Then and only then would I have proper exposure at an aperture of 5.6.
Make sense? Let’s take another example:
OUTSIDE: Too Much Light
Let’s assume we’re outside on a cloudy day. We’re again shooting on the Black Magic Pocket Cinema camera, and we’re using a SIRUI anamorphic lens with an F-STOP range of 2.2 to 16.
We’ll stick with the native ISO on the camera and set the shutter to 1/48. Next we’ll take a light reading. Let’s say it says it tells us we need to be at an F-STOP of 16 to get proper exposure. We close down to 16 and we’re good!
But that’s also a very deep depth of field. What if we didn’t want that?
We need to operate at our fourth layer…but we can’t control the sun.
What to do?
A large silk could be used to remove stops of light. Or an easier method would be to use an ND filter. “Sun glasses” for your camera. ND filters can be added to a lens (the 6K Pro has internal ND) and such a filter removes stops of light allowing us to open up.
OUTSIDE: Not Enough Light
We’re still outside but losing daylight.
This happened to me on my latest film RECKONING. It was evening. I was opened up all the way to 2.8 on my particular lens, but still didn’t have enough light.
What was the solution?
I had to go back to my foundation layer. A secret weapon on the Black Magic Pocket Cinema camera is called dual native ISO.
We’ve already seen how ISO moves the camera’s dynamic range above and below middle gray, right? Cranking up the ISO to make the sensor “more sensitive to light” doesn’t work as it introduces noise in your footage.
Black Magic Design built a second native ISO bank to help with this. It’s literally like introducing another camera to your workflow. The second ISO bank on the Pocket 4K starts at ISO 1250 with 3200 being the “native” ISO or the best compromise on dynamic range for the second ISO bank.
So as the sun set and sucked away my daylight, I switched to ISO 1250 and used false colors on the camera to adjust my aperture back down so I didn’t over expose.
Check out stills from the footage:
In this instance, our foundation layer was actually used as an exposure tool. But only because of the dual native ISO. And remember, when you change the foundation layer you must ensure layers 3 and 4 fall in line.
Let’s look at a final example:
CONTROLLED SET: Low Light Details
Let’s say you’re shooting a scene for a thriller that takes place in an old house at night. You want to capture a lot of details in the shadows. This means we want to move our camera’s dynamic range further below middle gray.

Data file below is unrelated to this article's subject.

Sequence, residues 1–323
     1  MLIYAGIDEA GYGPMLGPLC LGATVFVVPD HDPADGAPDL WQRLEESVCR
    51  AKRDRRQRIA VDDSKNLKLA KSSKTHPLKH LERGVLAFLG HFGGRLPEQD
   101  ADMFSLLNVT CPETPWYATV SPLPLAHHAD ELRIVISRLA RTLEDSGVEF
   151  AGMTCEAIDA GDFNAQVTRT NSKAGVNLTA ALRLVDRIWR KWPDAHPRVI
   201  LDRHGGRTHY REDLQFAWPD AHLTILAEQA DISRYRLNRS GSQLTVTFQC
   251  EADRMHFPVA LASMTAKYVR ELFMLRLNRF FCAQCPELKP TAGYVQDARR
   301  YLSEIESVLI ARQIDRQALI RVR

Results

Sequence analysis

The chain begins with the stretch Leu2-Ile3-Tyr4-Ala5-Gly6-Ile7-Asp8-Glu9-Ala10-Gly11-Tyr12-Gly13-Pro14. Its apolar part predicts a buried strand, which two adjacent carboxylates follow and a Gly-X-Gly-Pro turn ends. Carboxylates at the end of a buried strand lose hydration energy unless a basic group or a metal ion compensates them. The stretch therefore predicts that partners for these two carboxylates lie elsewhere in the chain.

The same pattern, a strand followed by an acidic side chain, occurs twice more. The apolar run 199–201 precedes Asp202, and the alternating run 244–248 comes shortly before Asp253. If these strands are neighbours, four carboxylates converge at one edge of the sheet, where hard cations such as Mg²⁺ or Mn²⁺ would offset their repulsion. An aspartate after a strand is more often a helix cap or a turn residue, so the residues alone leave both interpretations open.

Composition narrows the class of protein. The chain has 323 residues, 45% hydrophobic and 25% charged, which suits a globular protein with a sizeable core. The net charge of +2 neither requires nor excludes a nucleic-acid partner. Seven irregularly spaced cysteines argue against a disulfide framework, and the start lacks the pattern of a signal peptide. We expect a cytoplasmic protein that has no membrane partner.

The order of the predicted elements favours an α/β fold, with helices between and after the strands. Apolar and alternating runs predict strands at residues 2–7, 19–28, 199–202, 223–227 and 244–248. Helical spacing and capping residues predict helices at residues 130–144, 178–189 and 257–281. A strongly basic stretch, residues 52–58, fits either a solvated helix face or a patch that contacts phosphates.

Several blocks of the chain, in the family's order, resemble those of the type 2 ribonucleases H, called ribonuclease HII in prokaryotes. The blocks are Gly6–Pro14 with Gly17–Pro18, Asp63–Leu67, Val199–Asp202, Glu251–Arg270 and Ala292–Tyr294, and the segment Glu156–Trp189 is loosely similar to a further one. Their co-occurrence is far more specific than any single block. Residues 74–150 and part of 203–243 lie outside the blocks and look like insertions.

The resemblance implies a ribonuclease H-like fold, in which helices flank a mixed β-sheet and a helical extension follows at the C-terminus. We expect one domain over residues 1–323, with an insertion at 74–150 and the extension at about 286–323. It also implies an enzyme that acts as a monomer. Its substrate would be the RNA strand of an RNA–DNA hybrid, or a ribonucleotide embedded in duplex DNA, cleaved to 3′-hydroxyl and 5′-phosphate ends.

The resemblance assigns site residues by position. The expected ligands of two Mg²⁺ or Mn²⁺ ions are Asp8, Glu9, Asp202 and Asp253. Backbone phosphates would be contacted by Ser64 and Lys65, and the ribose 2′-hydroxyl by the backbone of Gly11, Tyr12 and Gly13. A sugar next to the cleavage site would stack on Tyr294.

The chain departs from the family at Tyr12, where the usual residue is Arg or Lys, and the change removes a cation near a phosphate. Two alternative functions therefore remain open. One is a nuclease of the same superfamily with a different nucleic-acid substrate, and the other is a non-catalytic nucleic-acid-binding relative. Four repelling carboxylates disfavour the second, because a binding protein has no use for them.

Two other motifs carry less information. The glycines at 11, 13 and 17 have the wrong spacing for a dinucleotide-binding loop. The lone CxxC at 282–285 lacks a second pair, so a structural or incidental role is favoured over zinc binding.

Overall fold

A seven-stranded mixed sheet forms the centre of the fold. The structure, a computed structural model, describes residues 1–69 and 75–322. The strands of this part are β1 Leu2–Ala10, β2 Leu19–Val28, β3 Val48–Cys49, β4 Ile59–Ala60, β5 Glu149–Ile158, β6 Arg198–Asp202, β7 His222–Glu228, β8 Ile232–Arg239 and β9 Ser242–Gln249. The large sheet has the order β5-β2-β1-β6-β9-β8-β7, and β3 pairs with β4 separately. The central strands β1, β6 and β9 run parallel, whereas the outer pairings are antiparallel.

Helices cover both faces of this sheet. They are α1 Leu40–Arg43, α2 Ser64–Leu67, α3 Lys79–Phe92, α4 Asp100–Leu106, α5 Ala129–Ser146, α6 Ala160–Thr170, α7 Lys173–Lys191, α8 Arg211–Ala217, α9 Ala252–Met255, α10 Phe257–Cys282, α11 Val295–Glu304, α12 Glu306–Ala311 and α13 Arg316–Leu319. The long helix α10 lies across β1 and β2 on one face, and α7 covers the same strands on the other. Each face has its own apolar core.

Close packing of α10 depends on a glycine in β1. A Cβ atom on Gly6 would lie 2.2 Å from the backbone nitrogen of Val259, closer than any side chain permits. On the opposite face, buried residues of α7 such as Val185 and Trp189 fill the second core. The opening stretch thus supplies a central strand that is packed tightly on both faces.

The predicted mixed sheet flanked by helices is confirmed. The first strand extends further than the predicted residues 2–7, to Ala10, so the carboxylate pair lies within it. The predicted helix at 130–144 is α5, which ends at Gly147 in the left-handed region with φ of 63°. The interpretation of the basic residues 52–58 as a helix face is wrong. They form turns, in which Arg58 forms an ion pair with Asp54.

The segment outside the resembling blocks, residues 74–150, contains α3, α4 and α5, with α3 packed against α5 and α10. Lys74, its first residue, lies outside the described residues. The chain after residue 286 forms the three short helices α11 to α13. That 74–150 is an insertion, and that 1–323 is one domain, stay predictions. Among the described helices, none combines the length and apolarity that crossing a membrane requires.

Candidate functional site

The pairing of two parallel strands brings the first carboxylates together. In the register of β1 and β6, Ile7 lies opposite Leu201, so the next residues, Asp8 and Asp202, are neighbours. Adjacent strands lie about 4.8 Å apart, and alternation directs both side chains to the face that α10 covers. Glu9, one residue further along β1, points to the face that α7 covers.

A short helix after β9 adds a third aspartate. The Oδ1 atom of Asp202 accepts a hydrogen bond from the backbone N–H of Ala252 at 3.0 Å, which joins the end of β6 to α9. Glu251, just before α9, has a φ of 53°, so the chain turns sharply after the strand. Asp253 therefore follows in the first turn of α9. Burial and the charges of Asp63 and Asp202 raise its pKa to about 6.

The obvious thought is to drop our ISO down to 100 (see the chart from Black Magic Design below). An ISO of 100 delivers the most stops of exposure detail below middle gray for the Pocket 4K.
But here’s the thing: Setting your camera to ISO 100 isn’t a miracle worker.
Example: We’re in the old house. Let’s say I need a decent depth of field so my actor doesn’t fall out of focus. So we’ll set our F-STOP to 5.6. Cool.
Now if I set my lighter meter to an ISO of 100 and an aperture of 5.6, the light meter tells me I need to be at…wait for it:
640 foot candles.
Whoa! That’s an insane amount of light.
Once again we’re relying on the light layer to get proper exposure based on the foundation we are exposing to, which is ISO 100.
Telling the camera to be at ISO 100 is only a dynamic range positioning tool, not an exposure tool.
Hopefully this makes sense.
So what’s our main takeaway as filmmakers?
1) There are four main exposure layers: ISO, Shutter Speed, Aperture and Light.
2) ISO is typically not an exposure tool. It’s more of a dynamic range selector.
3) Our Shutter must be at a multiple of 2 of our frame rate.
4) Aperture can be used for exposure, but may be limited by depth of field requirements.
5) Often our final layer, the light layer, is how we obtain proper exposure. And the tools at this layer are of course lights, ND filters, silks, scrims, etc.
Once you truly understand exposure and have a quality light meter, dialing it in is no longer a gamble.
If you’re an aspiring filmmaker, the Write & Direct online film school can save you years in your pursuit of the craft!
Or if you’re ready to “change your stars” (A Knight’s Tale) then enroll in Write & Direct today!